Thursday, July 11, 2013

Why Do Software Defects Exist? (Part 2)

(Originally published at
In Part 1, I proposed that application release decisions are not actually time-based but are instead risk-based.  To summarize, when the Lines of Business demand a specific time to release (from project inception) the Project Lead considers the risk to the business of releasing the application at that time.  This is illustrated to the right.

Application Development Constraints

Let's take a quick look at the "risks to the risk."  These are also known as constraints of the application development process.  I'll start by describing them as they are defined in the book Reality is Overrated (link goes to Amazon).
  • Incomplete Development refers to the fact that software that a developer requires to validate their own code production is unavailable, requiring that developer to stub downstream systems.  The net result is that testing coverage early on is very sparse and puts the onus on the Quality Assurance team to find every defect, something that rarely happens if at all.
  • Infrastructure Unavailability refers to the fact that hardware that is required to run software that a developer requires to validate their own code is unavailable with the same result.  An additional side effect is that sometimes the infrastructure that is unavailable is required to run the developer's own code, meaning they are "dead in the water."
  • Third Party Access Fees refers to the fact that integration with other, internal applications (in situations where charge back policies are in effect) or external applications where fees are assessed for test accounts or, worse, per test transaction.  What I've personally seen happen is that a self-imposed availability constraint is put into effect to avoid "funding bleed" and the inevitable question, "why didn't you hire more consultants?"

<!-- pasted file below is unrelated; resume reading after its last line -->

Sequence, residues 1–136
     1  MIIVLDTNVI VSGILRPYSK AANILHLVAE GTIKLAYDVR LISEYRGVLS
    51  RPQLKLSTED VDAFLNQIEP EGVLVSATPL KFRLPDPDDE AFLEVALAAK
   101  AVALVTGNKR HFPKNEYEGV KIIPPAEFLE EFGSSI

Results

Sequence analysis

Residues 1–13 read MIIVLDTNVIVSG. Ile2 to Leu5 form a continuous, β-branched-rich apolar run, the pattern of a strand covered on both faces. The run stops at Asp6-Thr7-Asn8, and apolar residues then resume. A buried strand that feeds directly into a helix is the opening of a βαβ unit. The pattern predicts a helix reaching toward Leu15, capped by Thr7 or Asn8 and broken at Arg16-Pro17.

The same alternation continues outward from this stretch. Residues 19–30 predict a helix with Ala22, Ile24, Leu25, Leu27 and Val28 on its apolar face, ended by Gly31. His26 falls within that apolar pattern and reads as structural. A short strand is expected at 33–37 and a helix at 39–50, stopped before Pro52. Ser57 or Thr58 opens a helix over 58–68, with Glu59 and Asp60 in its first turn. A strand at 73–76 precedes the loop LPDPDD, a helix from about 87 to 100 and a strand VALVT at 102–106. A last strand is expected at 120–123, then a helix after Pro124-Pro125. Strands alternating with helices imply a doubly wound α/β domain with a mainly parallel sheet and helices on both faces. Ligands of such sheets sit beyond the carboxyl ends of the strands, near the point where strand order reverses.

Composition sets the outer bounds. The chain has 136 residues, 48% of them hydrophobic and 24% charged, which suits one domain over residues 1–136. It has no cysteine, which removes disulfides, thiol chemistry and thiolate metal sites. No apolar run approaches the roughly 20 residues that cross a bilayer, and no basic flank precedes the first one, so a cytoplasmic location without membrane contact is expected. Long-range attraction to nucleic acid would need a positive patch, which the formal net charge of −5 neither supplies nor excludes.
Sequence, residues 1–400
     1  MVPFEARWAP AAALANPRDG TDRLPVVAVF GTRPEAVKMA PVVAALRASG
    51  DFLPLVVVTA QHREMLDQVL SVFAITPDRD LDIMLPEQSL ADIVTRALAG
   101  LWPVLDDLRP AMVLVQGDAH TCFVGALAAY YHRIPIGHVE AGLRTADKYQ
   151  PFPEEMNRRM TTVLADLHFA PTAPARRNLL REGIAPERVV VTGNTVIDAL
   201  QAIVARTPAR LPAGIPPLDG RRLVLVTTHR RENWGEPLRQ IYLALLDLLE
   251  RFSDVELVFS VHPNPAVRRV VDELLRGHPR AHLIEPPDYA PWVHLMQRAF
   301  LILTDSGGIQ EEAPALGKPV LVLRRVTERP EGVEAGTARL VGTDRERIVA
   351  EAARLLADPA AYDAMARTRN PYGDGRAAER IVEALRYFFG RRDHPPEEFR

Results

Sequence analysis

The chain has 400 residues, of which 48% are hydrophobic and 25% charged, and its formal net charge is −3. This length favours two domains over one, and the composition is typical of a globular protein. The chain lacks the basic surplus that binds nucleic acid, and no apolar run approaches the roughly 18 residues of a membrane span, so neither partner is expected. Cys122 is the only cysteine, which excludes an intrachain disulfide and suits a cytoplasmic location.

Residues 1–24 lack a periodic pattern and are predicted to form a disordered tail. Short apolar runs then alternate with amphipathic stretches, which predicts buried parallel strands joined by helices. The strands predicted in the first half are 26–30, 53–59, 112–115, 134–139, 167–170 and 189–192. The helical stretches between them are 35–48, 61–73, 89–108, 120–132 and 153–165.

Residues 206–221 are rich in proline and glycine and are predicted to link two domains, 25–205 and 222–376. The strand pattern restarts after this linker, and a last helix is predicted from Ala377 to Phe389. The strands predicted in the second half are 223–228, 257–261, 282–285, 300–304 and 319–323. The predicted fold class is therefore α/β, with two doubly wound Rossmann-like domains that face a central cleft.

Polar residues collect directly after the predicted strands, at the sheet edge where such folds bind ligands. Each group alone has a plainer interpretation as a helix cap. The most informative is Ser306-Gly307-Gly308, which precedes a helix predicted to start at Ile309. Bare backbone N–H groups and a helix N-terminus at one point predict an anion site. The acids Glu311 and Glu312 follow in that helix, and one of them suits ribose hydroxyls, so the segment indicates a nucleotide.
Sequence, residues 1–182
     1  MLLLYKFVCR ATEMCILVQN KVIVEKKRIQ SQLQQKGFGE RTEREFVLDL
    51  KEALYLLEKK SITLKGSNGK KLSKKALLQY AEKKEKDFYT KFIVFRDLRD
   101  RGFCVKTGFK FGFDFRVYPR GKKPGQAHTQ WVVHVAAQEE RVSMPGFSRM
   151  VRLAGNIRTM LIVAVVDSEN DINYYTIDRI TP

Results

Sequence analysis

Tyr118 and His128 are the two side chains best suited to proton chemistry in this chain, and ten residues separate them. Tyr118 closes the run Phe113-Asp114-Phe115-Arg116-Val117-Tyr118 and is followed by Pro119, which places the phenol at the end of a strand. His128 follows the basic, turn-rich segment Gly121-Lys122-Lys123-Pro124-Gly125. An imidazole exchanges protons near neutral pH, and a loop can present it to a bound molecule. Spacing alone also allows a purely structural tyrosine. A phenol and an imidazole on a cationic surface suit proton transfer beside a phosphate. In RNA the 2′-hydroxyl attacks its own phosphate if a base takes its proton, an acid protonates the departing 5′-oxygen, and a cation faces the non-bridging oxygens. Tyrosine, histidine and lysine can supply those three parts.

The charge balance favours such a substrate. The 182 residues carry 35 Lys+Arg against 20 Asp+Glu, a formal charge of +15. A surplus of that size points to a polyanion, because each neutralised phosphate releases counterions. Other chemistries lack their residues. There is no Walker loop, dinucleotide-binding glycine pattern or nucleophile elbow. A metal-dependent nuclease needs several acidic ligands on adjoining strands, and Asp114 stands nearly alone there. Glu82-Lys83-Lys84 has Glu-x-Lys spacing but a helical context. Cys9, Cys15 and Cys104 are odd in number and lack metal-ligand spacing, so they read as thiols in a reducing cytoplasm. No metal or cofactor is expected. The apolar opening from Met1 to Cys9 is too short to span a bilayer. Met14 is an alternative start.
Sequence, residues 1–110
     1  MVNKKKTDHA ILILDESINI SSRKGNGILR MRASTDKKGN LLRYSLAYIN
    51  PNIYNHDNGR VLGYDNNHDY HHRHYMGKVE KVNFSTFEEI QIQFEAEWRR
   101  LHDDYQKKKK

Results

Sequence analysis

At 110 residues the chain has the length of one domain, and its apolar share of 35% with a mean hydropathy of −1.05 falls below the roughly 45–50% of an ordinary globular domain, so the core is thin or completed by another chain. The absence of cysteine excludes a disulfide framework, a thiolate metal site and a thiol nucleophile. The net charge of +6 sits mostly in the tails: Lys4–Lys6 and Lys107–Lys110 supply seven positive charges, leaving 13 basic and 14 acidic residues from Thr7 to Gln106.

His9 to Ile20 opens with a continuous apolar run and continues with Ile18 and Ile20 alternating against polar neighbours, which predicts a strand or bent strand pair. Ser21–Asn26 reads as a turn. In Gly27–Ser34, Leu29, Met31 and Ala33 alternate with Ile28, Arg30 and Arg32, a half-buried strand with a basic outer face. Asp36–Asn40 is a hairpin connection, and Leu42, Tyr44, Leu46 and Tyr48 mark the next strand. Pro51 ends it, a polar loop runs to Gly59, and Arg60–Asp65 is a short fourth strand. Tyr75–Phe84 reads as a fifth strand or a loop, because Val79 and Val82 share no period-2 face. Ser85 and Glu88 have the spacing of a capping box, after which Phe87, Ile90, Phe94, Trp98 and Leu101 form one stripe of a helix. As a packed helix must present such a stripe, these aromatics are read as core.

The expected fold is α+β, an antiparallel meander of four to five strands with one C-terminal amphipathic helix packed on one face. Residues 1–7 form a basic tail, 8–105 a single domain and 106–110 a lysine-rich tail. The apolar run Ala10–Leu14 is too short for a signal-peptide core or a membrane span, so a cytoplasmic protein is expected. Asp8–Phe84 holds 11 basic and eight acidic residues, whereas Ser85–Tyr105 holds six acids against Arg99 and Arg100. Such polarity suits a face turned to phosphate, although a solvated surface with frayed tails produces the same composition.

• Finally, Test Data and Scenario Management refers to the long turnaround times when production quality test data is requested.  The slow responses are due to the fact that the DBAs have other, higher priority activities to attend to typically plus the effort to scrub production data to remain in conformance with regulatory requirements (PII, PHI, etc.) is no small feat.
Availability is "Risk to the Risk"

I've defined these four constraints in these specific ways with the intention of highlighting that every one of them, at their core, is a problem of availability:  unavailable software components or applications; unavailable infrastructure; and unavailable test data.  It is this availability problem that is the "risk to the risk" for the following reason:  every time an availability problem manifests itself, a delay in the SDLC is introduced.

What does this mean?  This means that the original assessment of being able to, in our example, deliver the application at 6 months with 75% correctness is no longer valid.  Instead, the inability of the development team to complete their normal activities prevents them from ensuring correctness, so the point in time where 75% correctness is achieved may be 7, 8, 9 months or more from project inception.

The Net Impact

This puts the Project Lead in a bad position because they had the chance to negotiate timelines at the outset.  Now either the delivery date gets pushed in the name of risk while making the Project Lead and their management (who committed the date to the Lines of Business) look unreliable, or the project is released "on time" with quality that's further reduced.

Regardless of which road is taken, quality is not improving and frequently declines in applications released to production.  This adds to the risk that the business will suffer a production outage and ultimately has the possibility of materially impacting revenue; causing a decline in brand equity; or even resulting in shareholder lawsuits in severe enough instances.

Obviously, alleviating the availability constraint in any or all of its four forms has a snowball effect on the quality of the result.  It is the removal of this constraint that the discipline of Service Virtualization effects.  You'll find more excellent material on the industry leading Service Virtualization solution provided by CA Technologies at as well in the few discussion groups on LinkedIn.

Monday, July 1, 2013

Why Do Software Defects Exist? (Part 1)

(Originally published at